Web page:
Bob Marshall Wilderness

The “Bob” is one of the most regarded wilderness areas along the entire trail. Featuring spectacular natural phenomena like the Chinese Wall, sweeping views, and excellent fishing, many visitors opt to use pack animals to bring in provisions to stay for extended periods. Its remoteness rewards those willing to travel into its depths with a pristine alpine environment full of bustling wildlife and raging streams and rivers.  

Wind River Range

The Wind River Range is widely regarded as many hikers’ favorite section of the trail. A number of alternates allow backpackers to explore a staggering number of lakes, granite peaks, and rugged passes. This is a fly fishing mecca, and spending weeks exploring the area only scratches the surface. The Winds are extremely removed and remote demanding access through only a couple of different trailheads, but once back in the heart of the jewel of Wyoming, most visitors are in awe. 

Snow on the Continental Divide Trail

Snow on the Continental Divide Trail

San Juan Mountains

The San Juans are located in the Southwest corner of Colorado on the edge of Durango. The variable weather, short season, and difficulty of the terrain often scare people away. But those brave enough to venture into the sprawling green and alpine lakes are rewarded with the experience of a lifetime. 

How long does it take to thru-hike the Continental Divide Trail?

The Continental Divide Trail takes anywhere from four to six months to hike. Taking six months to hike likely means that hikers will encounter inclement weather on one end or another.

How dangerous is the Continental Divide Trail?

The CDT is not a dangerous trail. It is more remote, requires more planning preparation, and has the possibility of encountering more diverse wildlife than the Appalachian Trail and Pacific Crest Trail. But, if thru-hikers go into the trail with the correct knowledge, skills, gear, and mindset, the trail is statistically no more dangerous than thru-hiking the Appalachian Trail.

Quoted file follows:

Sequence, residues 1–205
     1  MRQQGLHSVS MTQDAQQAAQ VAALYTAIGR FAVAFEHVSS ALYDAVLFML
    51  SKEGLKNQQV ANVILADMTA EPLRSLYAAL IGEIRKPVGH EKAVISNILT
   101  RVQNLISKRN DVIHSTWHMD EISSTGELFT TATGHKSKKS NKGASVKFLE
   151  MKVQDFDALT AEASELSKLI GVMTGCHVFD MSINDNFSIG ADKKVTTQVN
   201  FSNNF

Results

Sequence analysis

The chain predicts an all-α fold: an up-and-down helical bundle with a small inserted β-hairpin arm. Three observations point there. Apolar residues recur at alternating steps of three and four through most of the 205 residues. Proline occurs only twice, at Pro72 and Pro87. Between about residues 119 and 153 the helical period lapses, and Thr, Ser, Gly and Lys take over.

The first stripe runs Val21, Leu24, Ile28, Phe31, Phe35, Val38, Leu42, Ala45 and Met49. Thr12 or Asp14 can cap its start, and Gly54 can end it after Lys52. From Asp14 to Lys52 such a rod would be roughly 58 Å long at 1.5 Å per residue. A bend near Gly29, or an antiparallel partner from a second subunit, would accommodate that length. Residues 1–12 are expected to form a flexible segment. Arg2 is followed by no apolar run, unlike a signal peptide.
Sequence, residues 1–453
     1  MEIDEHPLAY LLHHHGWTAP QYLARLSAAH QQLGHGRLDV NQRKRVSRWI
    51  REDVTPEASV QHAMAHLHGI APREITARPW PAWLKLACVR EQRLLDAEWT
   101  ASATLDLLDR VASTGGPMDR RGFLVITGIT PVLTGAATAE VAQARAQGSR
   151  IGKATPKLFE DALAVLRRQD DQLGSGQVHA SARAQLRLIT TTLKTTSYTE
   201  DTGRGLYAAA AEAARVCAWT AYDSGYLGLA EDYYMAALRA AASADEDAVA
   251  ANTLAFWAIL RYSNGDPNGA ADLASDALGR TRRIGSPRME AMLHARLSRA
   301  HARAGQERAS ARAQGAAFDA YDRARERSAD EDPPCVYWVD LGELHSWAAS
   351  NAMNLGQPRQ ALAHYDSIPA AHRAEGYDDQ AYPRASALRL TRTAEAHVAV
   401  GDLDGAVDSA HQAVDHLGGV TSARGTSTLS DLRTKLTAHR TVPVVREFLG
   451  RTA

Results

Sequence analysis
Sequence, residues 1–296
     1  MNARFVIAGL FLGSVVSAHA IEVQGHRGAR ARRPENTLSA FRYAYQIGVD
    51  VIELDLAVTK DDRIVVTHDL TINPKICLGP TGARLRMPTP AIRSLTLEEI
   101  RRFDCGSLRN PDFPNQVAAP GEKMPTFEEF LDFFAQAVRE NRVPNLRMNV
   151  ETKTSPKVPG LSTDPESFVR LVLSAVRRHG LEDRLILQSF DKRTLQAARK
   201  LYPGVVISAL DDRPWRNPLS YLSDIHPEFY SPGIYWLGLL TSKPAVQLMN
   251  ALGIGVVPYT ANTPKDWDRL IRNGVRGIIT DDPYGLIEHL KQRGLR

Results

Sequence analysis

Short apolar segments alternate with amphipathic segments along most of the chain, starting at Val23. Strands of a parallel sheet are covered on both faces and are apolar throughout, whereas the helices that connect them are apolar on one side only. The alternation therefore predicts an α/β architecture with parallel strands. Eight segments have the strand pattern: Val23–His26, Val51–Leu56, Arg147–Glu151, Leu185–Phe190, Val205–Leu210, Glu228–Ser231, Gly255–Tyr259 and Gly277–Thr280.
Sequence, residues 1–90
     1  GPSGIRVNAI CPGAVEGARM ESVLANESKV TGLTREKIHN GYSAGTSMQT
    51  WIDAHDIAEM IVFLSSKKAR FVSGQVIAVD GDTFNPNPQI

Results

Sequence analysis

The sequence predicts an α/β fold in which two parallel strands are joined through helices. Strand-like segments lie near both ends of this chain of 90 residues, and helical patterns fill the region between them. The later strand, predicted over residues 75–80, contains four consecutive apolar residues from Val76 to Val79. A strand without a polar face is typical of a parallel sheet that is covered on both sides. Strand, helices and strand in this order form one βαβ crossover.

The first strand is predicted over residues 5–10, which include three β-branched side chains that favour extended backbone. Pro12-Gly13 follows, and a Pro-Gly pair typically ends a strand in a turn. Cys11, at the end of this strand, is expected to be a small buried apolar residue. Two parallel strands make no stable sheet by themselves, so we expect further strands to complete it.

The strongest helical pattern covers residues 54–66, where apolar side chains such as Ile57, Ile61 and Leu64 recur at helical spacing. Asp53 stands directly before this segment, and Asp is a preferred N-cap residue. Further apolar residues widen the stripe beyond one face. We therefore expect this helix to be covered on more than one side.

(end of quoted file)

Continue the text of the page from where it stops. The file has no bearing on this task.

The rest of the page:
How well-marked is the Continental Divide Trail?

The CDT is the least well-marked of the triple crown trails. Although with the rise in GPS phone apps, it is reasonably easy to find your way along its 3,100-mile length. Most hikers will download the FarOut App and use it to navigate, plan and complete their hike. 

How do you resupply on CDT?

Most resupplies on the CDT require a hitch into town from a road intersection. Many hikers resupply on the Continental Divide Trail with a combination of resupply boxes and purchasing groceries along the way.

Is the CDT harder than the PCT?

The CDT is considered the most difficult and rugged and is statistically the longest of the Pacific Crest Trail and Appalachian Trail. The shorter weather window to complete the longer route makes the CDT the most difficult as opposed to the terrain and logistics. 

How much does it cost to hike the Continental Divide Trail?

Even though it is more complicated and longer than the Appalachian Trail and the Pacific Crest Trail, the cost to hike the trail is about the same. For $4,000-8,000, most hikers can complete a thru-hike. Although, with lodging primarily in destination and resort towns, this number can fluctuate largely depending on each hiker’s style and decision along the way. 

Continental Divide Trail Hiking Resources: